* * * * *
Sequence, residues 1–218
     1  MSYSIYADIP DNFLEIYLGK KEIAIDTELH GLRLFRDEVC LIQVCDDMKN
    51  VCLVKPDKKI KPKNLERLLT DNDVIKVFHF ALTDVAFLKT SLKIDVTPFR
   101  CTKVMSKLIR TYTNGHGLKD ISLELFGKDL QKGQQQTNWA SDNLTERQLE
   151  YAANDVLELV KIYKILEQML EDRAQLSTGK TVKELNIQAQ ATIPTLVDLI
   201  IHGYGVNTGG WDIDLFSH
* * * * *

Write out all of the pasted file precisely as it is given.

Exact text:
Sequence, residues 1–218
     1  MSYSIYADIP DNFLEIYLGK KEIAIDTELH GLRLFRDEVC LIQVCDDMKN
    51  VCLVKPDKKI KPKNLERLLT DNDVIKVFHF ALTDVAFLKT SLKIDVTPFR
   101  CTKVMSKLIR TYTNGHGLKD ISLELFGKDL QKGQQQTNWA SDNLTERQLE
   151  YAANDVLELV KIYKILEQML EDRAQLSTGK TVKELNIQAQ ATIPTLVDLI
   201  IHGYGVNTGG WDIDLFSH